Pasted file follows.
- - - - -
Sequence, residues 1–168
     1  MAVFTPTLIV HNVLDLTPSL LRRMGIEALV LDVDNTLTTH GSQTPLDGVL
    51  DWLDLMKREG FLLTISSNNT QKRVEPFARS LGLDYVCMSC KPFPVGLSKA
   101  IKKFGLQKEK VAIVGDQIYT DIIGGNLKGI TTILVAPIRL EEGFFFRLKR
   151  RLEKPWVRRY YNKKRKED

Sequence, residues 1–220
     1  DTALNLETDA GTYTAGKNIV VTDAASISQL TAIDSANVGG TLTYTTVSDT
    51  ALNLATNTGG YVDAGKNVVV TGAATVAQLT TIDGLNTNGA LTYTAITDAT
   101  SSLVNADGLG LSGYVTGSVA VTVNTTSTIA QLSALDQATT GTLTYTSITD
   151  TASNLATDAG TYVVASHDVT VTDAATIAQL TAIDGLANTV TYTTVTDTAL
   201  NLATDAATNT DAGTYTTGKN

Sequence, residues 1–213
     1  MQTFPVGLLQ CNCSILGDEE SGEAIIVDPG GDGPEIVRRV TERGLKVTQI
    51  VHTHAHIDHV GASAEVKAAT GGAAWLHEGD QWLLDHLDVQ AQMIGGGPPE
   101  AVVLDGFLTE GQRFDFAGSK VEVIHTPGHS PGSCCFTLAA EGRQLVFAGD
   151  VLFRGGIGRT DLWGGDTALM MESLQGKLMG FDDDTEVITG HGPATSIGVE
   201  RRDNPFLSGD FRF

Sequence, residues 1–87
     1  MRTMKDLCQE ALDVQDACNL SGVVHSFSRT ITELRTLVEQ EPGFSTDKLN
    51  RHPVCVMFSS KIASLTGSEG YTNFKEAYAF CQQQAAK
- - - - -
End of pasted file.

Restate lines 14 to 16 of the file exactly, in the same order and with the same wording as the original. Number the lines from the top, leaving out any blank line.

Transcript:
    51  VHTHAHIDHV GASAEVKAAT GGAAWLHEGD QWLLDHLDVQ AQMIGGGPPE
   101  AVVLDGFLTE GQRFDFAGSK VEVIHTPGHS PGSCCFTLAA EGRQLVFAGD
   151  VLFRGGIGRT DLWGGDTALM MESLQGKLMG FDDDTEVITG HGPATSIGVE